“Reasonable expectations of privacy” are also key to defining privacy rights under the Canadian Charter of Rights and Freedoms. The Supreme Court’s latest engagement with the question of just what expectations of privacy are reasonable, in R. v. Gomboc, 2010 SCC 55, [2010] 3 S.C.R. 211, produced something of a mess. The issue was whether the installation without a warrant of a device that measures the electricity consumption of a house breached the owner’s reasonable expectation of privacy. Four judges said no, because general information about electricity consumption does not reveal enough to make it private. Three said no because the law entitled to owner to ask the utility not to hand over such information to the police, and he had not exercised this right. Two said that the information was private. But what seems clear is that for Canadian law too, what we think about our privacy and what we do about it, individually and collectively, matters.

Are we then doomed, as Judge Kozinski suggests we might be? Perhaps not. With respect, his claims are a little too pessimistic. Judge Kozinski collects a great many frightening anecdotes about people’s willingness to wash their – and others’ – dirty laundry in public. But anecdotes seldom justify sweeping conclusions. And some studies at least seem to show that people do care about their privacy more than the pessimists assume,  if not always in ways or to an extent that would satisfy the pessimists. Old expectations of privacy might be fading, but new ones could emerge, along different lines. Judge Kozinski is right that the law cannot do much to protect people who do not care. But we must hope that he and his colleagues, as well as legislators on both sides of the 49th parallel, will be mindful of the possibility that changes in privacy expectations can go in both directions.

Purely Hypothetical Dragons

Everyone knows that dragons don’t exist. But while this simplistic formulation may satisfy the layman, it does not suffice for the scientific mind. …  The brilliant Cerebron, attacking the problem analytically, discovered three distinct kinds of dragon: the mythical, the chimerical, and the purely hypothetical. They were all, one might say, nonexistent, but each nonexisted in an entirely different way.*

Stanislaw Lem, The Cyberiad

Much of the Conservative government’s legislative programme seems driven by fear and distrust of judges. Such reactions to judicial decisions are often justified by concern about “judicial activism.” But judicial activism is something like the dragon of constitutional theory. It doesn’t exist, although its distinct kinds nonexist in entirely different ways. Or so I am tempted to conclude after reading an exchange at the Volokh Conspiracy (which, by the way, is 10 years old today) between prof. Orin Kerr and prof. Randy Barnett.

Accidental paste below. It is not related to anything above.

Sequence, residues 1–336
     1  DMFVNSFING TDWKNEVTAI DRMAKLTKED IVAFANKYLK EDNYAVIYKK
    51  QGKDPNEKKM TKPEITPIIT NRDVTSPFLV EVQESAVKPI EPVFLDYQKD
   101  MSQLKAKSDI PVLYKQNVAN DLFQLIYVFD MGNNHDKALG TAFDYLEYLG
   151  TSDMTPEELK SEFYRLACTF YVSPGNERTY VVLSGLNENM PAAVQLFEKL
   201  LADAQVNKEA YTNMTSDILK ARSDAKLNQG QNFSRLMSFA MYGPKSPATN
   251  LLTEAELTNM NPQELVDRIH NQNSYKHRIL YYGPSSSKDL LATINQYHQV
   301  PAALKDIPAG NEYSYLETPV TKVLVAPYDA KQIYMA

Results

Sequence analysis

Prof. Kerr argues that the expression “judicial activism” can have a variety of meanings, some of them more interesting than others. A decision can be described as activist if 1) it rests on the judges’ personal (including political) views; 2) it expands the power of the judiciary vis-à-vis the other branches of government; 3) it departs from settled precedent; 4) it strikes down a statute or an administrative decision; or 5) it is wrong. Prof. Kerr believes that the meanings 1) to 3) are useful because “the terms allow us to have a useful debate about the proper role of the courts.” On the other hand, 4) and 5) are to be avoided; the former, because everyone (in the US, but I suppose this is mostly true for Canada too) agrees with (some) judicial review, the latter, because we don’t agree about what decisions are right.

Prof. Barnett responds by arguing that given its multiplicity of meanings, useful or otherwise, the term “judicial activism” is best avoided – but not without venturing yet another meaning for it, applying it to describe any decision which contradicts clear constitutional text.

(I have given the bare bones of both posts, which are very interesting, especially if you are conversant with or curious about US constitutional debates.)

It seems to me that prof. Barnett is right that we ought to avoid using the term “judicial activism” if at all possible, since it can mean so many things to different people. Prof. Kerr’s categories of judicial activism are very interesting, and no doubt capture much of what people mean when they use the term, but why use the vague, and vaguely pejorative, “judicial activism,” even in one of the useful meanings prof. Kerr identifies, when we can say more precisely what we mean? Judicial activism does not really exist, but we should keep in mind that it does not really exist in a number of different ways.

* As I recall it, in the Russian translation of the Cyberiad which I read, the three distinct kinds of dragon were said to be the nil, the negative, and the imaginary. If anyone knows what the Polish original was, I would love to hear about it.